Ethnic Investors and their Advisors


Affluent investors, regardless of ethnic background, are generally confident in their financial knowledge and investment acumen. At least one-third of ethnic investors surveyed consider themselves self-directed, meaning they make all of their financial decisions without the benefit of a financial advisor.

The highest percentage of affluent Black, Hispanic, and Asian investors are event-driven, meaning they make most of their own financial decisions, but do consult a financial advisor for specific purposes such as saving for college, asset allocation or retirement planning. Almost half (47 percent) of affluent Hispanics identify themselves as such, compared with 43 percent of Blacks and 39 percent of Asians.

Affluent Asian investors are more likely than their Hispanic and Black counterparts to identify themselves as self-directed investors (41 percent vs. 36 percent, respectively).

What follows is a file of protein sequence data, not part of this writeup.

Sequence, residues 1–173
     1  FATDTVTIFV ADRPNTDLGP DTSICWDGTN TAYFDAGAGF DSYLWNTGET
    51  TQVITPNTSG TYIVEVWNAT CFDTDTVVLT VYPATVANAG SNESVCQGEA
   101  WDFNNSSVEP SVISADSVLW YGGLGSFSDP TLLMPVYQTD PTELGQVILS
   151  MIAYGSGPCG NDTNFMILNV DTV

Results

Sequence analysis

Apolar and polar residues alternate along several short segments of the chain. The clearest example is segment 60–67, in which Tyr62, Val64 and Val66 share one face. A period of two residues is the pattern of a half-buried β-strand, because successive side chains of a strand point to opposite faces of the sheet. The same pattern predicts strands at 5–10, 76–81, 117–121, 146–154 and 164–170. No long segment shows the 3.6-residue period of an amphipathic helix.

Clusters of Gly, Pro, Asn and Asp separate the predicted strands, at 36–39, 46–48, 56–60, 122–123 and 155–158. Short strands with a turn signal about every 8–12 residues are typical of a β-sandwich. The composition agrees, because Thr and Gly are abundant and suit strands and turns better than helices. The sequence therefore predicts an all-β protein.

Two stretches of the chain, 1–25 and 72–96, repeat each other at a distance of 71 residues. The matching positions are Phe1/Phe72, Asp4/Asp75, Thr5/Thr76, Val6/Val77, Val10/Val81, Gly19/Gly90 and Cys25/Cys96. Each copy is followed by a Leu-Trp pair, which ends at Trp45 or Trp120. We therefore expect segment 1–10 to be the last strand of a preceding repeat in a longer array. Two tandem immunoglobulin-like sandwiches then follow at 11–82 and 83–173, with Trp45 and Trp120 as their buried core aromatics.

When asked why they do not use a financial advisor, nearly half of Blacks (47 percent) said they thought they could do a better job of investing than a professional. Hispanics and Asians expressed less confidence in their financial knowledge and investment abilities at 35 percent each.

Affluent Hispanic investors were the most likely (30 percent) to express the wariness that their financial advisor would be looking out for their best interests, compared with 26 percent of Blacks and 25 percent of Asians.

Among affluent Hispanic (25 percent), Asian (23 percent) and Black (21 percent) investors, the third most-cited reason for not using a financial advisor was that they felt they could not afford one.

The other most-cited reasons were that these investors said they did not know who to use for a financial advisor or that they felt they didn’t have enough assets to warrant having an advisor.

What would make these investors consider using an advisor? The highest percentage of affluent Blacks (53 percent), Asians (40 percent) and Hispanics (35 percent), responded they would seek out a financial advisor in the event of receiving a financial windfall that they needed help with to invest. The second most-cited case scenario for using a financial advisor was “a situation where I could get professional help for what I feel is a fair price), followed by “a situation where I get tired of managing my investments.”

At least 15 percent would consider using a financial advisor if said advisor received a very favorable recommendation from a trusted friend or family member.



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